The Nutcracker and the Four Realms is another of Disney’s attempts to recapture the magic of classic stories through live-action remakes.
It follows along the same vein as Tim Burton’s Alice in Wonderland and its sequel, Alice Through the Looking Glass. As such, it is not surprising that that it shares many of the same issues. But first, to cover the good. Much like both Alice films, most of the visuals are very pleasant to look at. And, for the first half of the movie, there’s a strange charm to it. This first half is where the visuals are really allowed to shine, the main character is, if not compelling, at least enjoyable, and this is also where we get the most Morgan Freeman. Freeman has a relatively small part, and his performance comes off as fairly phoned-in but, in all honesty, Freeman could bring an enjoyable sentimentality simply by reading a phone book. I also do have to give this film credit for outright saying that the protagonist’s mother is dead rather than only implying it whenever the issue came up, as many similar movies tend to do.
The protagonist, Clara Stahlbaum, is played by Mackenzie Foy, best known for her role as Renesmee Cullen in the Twilight saga. Oddly enough, Foy carries the role rather well, bringing the character through in a likable way for the most part. The character does come off as whiny a few times, but that seems to come more from the writing. All things considered, she does rather well with what she’s been given. However, as mentioned before, the problems with the writing really begin to show up in the second half.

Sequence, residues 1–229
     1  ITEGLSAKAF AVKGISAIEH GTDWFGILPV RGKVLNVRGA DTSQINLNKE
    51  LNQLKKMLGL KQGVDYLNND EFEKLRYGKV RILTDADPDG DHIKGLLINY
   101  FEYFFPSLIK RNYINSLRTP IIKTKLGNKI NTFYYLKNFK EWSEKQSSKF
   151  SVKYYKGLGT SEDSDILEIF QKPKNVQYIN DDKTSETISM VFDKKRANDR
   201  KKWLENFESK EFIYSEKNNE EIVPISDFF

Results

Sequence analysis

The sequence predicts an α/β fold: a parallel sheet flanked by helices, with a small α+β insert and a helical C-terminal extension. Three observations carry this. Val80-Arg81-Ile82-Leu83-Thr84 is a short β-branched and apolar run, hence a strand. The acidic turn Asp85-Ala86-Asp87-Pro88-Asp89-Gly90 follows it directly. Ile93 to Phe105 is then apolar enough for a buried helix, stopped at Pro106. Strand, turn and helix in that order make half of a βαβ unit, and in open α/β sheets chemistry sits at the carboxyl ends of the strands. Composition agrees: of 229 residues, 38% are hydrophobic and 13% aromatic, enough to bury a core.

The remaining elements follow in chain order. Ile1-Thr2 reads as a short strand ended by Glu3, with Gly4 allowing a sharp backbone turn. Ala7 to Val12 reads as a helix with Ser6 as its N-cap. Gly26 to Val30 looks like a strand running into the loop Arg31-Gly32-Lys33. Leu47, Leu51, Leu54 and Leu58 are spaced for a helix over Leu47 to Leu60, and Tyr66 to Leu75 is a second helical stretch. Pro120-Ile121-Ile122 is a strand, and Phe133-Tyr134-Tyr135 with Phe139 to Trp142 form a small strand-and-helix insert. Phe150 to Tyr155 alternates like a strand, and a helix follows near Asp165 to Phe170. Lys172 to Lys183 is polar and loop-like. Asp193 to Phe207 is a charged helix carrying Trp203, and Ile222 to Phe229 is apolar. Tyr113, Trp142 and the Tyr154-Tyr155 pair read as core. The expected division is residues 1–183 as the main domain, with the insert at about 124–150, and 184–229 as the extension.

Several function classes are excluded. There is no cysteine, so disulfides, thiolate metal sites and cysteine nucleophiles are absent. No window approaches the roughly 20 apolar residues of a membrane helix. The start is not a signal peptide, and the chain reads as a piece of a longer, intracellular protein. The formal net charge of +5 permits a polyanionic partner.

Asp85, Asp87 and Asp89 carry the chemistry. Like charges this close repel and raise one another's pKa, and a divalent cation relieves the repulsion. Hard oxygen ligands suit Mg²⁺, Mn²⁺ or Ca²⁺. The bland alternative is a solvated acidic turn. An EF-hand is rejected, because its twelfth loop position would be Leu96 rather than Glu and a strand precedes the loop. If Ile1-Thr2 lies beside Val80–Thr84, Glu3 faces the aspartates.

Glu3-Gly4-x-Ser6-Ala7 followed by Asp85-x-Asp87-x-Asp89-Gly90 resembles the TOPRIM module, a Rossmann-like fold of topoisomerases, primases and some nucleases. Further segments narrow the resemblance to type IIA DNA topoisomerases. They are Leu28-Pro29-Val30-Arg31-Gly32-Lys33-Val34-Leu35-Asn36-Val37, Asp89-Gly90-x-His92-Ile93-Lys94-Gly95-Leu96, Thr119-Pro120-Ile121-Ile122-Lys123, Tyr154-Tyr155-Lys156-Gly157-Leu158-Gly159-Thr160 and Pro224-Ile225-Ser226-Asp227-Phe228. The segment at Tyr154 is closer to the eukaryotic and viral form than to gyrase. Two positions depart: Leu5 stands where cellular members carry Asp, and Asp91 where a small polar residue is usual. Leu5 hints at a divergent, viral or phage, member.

The enjoyable sense of whimsy that held up the first half is then buried by clichés and a poorly thought-out plot. This is also where Foy’s character comes off as a bit grating: there’s the cliché woe-as-me-I’m-not-special moment that every one of these movies seems to feel obliged to include, followed (of course) by the secondary character of course assuring her that she is indeed special and that their world would be lost without her. The problem with this is that nothing has been shown to really support this claim, her introduction doesn’t really seem to have caused serious changes, and nothing she’d done up to that point was really all that unique. In fact, the majority of scrapes she got herself into were resolved through the same secondary character telling her how important she is. This is particularly irritating because the foundation for an interesting, if archetypical, character is laid early on in a fascination and aptitude with technology, but the writer failed to include enough opportunities for these traits to properly develop.
I focus on the main character so much because the others are so forgetful, and as I said, the plot is almost entirely pointless. It heavily relies on what could barely be considered a twist in the third act. The so-called twist is the ancient cliché of a character supposedly allied to the protagonist suddenly betraying them; there is no buildup to it whatsoever, and the traitor’s motivations are both confused and not explored thoroughly enough. Not to mention that a flashback that can only be described as idiotic, creating a massive hole in the plot. The whole issue can best be summarized as an entirely enjoyable film up until it tries to move beyond a mere experience and actually have a plot.
All in all, three out of five stars
Wait for it to hit a streaming service.